Avoiding CrashesAvoiding Crashes
Every year there are over 10 million motor vehicle crashes in the United States. Along with the physical and emotional trauma, imagine the environmental impact of that!
There is a strong link between motor vehicle crashes and climate change -- behaviors that lead to crashes and the crashes themselves are bad for the environment. Crashes are often related to speeding and other aggressive driving behaviors that increase emissions and add greenhouse gasses to the atmosphere.
Bad for the Environment
Crashes and injuries also take a direct toll on the environment. Along with congestion, crashes can damage road infrastructure and result in vehicles needing to be repaired or replaced. People who are injured can consume extensive medical resources as well as trips to the doctor, sometimes for decades following a crash.
Here are some ways that crashes are bad for the environment. You can probably think of others.
- Traffic congestion and idling -- It’s hard to overstate this one
- “Secondary” crashes from rubbernecking to see the original crash
- Emergency response -- police, fire, ambulance, and tow trucks… A large portion of police, fire, and ambulance work is related to traffic crashes. One could factor in facilities to house police, fire, and ambulance crews.
- Supplies of police, fire, and ambulance units
- Road infrastructure repairs... damaged road signs, guardrails, and concrete barriers.
- Specially trained crash investigators driving or flying to the scene
- Chronic injuries, such as traumatic brain injuries and spinal cord injuries often require a lifetime of care
- Large portions of trauma centers and hospitals are devoted to crash victims
- Large and complex hospital equipment (e.g., CT Scanners)
- Radioactive and other hospital waste products
- Medical supplies
Vehicle Replacement or Repair
- Manufacturing of new replacement vehicles
- Repairs and replacement of parts
- Energy and emissions related to recycling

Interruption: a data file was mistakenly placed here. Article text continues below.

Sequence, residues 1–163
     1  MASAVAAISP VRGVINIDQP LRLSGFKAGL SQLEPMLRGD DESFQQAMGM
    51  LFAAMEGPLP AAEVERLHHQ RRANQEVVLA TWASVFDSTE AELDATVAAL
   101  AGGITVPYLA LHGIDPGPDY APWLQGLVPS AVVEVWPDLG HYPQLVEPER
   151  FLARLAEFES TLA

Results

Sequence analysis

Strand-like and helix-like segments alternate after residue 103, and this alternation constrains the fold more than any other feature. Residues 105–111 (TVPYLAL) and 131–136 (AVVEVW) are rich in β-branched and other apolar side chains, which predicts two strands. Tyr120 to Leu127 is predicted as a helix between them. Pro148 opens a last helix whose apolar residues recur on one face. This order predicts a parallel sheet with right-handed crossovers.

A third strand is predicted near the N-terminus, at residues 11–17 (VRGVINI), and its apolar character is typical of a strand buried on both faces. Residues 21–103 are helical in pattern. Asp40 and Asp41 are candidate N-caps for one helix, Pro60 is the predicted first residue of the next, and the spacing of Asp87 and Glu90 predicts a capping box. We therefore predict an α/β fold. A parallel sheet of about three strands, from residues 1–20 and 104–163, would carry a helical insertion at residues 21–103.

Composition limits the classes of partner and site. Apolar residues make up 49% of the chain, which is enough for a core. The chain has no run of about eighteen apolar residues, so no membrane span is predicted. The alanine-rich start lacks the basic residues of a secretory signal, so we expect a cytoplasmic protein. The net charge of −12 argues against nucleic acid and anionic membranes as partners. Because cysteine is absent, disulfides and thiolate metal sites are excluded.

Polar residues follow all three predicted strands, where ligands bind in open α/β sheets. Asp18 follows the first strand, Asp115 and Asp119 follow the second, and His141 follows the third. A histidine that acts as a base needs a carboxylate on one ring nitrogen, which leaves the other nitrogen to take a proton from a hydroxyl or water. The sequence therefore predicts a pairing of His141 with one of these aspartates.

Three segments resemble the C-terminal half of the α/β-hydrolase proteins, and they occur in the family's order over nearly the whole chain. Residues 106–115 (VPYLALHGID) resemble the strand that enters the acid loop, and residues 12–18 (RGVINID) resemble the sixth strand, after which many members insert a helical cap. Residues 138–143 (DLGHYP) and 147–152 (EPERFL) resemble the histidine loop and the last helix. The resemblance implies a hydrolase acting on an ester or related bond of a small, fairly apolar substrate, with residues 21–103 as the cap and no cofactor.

Eco-driving and Safety
Eco-driving and Safety
Eco-drivers are safe drivers. Eco-driving requires focus on the road and paying attention to other drivers, bicyclists, pedestrians, and many other factors.
Minimize distracting activities
A strong case can be made that you cannot be an effective eco-driver while talking on a phone or texting. Talking on a cell phone or texting involves taking your eyes and your mind off the road and slows reaction time.
Avoid aggressive driving
Driving aggressively to compete with other drivers or reach your destination faster is about as far from eco-driving as you can get. Smooth driving makes it easier for other drivers to know your intentions, and lower speeds help reduce crash severity, if a crash does occur.
- Be reasonable and predictable
- Don’t drive under the speed limit if it disrupts other drivers
- Run an ego-check and avoid trying to teach other drivers how to eco-drive, at least not while you’re on the road and they’re in another car
- It’s not all about you. Be a courteous and safe driver
- Having enough air in your tires can be a big fuel saver and it makes you safer. Underinflated tires make braking and cornering more dangerous.
- The back seat bullet: Secure loose objects and remove what you don’t need. In crashes, stuff in your car bounces around at high speeds and can injure or kill occupants.
- Drivers who are overly focused on eco-driving may drive in ways that anger other drivers or disrupt traffic flow, and this can increase the risk of crashes.
Other Eco-driving Modules